That is not to say that the remedy of quashing a summons in the Divisional Court will not exist for other defendants who find themselves in a similar position, but it may be harder to argue.  One does of course expect a professional District Judge to give reasons when making a judicial decision, but that will not always be the case and the meagre space allocated on the new prescribed form for the recording of reasons suggests that brevity is likely to be the order of the day. The other options available are to apply to the Magistrates to withdraw the summons, apply to stay the proceedings or invite the CPS to take over the case and discontinue it.

Either way, with the increase in the number of private prosecutions that are coming through the courts, and their use for alleged offending which goes beyond the traditional realm of neighbour disputes or common assault, the potential arguments relating to motive remain important and must always be fully considered by both the Prosecution and the Defence.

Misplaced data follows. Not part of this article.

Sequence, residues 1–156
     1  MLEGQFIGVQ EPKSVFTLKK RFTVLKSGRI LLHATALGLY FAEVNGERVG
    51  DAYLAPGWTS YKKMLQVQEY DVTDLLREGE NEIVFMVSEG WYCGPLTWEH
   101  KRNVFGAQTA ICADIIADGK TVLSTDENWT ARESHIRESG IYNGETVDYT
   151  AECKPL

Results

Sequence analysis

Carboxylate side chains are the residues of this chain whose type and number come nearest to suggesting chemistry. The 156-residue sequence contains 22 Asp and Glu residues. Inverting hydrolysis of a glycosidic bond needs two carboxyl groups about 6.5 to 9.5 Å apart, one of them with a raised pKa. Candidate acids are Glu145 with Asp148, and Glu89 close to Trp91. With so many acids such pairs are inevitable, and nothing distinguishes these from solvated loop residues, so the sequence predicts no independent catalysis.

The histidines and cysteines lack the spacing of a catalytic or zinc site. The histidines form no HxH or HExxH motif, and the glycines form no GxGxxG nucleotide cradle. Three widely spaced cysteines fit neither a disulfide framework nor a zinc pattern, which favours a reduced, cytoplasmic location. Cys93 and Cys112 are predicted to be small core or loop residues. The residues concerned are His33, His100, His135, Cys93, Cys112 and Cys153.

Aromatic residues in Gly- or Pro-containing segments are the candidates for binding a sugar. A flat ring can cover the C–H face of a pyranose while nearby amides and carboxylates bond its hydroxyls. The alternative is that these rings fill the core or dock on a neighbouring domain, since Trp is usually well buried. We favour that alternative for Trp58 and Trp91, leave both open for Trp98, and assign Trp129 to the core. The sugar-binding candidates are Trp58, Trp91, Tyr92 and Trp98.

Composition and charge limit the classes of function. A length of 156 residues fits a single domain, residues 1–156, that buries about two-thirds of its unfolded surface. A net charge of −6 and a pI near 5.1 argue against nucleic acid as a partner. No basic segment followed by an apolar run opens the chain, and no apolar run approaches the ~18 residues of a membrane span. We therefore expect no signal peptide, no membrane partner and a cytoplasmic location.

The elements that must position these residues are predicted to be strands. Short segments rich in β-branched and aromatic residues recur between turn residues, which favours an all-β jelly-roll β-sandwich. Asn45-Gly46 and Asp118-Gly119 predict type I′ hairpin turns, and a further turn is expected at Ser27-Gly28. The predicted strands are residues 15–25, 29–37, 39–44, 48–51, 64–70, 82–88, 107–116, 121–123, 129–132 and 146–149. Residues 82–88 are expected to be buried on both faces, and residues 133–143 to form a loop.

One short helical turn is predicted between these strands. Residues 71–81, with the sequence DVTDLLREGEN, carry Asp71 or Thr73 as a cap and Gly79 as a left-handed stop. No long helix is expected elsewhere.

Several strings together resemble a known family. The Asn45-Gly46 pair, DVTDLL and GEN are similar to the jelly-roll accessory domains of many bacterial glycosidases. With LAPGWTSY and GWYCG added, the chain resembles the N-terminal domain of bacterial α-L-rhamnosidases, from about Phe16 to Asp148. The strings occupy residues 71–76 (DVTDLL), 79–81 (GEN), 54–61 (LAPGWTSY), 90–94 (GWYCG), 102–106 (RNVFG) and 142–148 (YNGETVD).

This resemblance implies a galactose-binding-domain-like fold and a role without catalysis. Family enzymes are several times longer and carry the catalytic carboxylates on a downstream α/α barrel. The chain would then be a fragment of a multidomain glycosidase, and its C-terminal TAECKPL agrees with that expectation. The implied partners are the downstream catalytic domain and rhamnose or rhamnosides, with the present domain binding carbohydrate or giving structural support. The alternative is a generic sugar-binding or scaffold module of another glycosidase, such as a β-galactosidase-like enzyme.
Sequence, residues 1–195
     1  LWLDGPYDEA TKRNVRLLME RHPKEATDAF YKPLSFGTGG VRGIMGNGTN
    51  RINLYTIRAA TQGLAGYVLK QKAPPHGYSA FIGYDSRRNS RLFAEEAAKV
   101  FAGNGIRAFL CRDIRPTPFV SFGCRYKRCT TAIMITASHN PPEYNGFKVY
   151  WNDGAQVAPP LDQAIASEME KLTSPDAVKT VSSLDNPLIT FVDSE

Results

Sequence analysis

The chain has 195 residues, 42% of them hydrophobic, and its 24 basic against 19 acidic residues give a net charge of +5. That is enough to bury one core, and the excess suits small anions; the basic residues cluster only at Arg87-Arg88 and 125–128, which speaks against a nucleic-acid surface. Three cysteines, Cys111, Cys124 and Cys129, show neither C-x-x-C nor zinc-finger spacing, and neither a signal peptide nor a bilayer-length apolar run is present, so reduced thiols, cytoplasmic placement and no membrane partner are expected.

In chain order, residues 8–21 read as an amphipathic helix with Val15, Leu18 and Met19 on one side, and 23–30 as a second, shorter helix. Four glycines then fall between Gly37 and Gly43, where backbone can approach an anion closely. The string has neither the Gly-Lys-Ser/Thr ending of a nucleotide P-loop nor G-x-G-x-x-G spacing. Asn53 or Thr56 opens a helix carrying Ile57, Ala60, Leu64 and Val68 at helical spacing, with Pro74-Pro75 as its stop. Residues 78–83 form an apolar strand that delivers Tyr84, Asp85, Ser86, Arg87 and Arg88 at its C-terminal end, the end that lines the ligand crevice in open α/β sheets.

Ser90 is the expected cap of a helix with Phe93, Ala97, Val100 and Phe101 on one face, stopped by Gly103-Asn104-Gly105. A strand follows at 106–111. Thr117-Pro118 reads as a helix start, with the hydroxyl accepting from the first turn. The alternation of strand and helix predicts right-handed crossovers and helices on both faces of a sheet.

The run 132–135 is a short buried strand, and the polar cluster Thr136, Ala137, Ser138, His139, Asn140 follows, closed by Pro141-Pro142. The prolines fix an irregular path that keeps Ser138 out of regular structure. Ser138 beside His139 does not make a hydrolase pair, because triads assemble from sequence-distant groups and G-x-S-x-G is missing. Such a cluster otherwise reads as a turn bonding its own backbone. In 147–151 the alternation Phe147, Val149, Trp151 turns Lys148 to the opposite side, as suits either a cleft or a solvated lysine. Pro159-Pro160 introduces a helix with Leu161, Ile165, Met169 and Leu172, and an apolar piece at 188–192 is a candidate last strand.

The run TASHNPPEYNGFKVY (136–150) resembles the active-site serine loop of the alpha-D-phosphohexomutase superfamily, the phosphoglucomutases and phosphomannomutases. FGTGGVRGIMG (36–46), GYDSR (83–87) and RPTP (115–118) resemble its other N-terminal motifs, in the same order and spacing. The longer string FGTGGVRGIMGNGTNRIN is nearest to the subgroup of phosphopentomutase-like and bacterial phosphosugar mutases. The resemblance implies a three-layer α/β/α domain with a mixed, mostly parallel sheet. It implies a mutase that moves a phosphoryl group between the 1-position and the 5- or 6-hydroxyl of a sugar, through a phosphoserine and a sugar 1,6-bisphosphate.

Sarah is Joint Head of the Business Crime Team at 5 St Andrew’s Hill. She is an experienced and highly accomplished practitioner who specialises in criminal and family matters involving high-value assets and complex financial arrangements. Sarah has been undertaking Private Prosecution work for the past 10 years, beginning with prosecuting on behalf of the RSPCA.  She now regularly undertakes this work in both the Crown and Magistrates Courts in relation to trademark offences in connection with the sale of counterfeit luxury goods and tobacco.  Recent instructions in this area include prosecuting an offence of bigamy and perverting the course of justice by a process server in bankruptcy proceedings.  She has particular experience in dealing with the costs aspects of these cases, having defended costs applications brought against the Prosecution and appealing the decisions of the NTT before costs judges.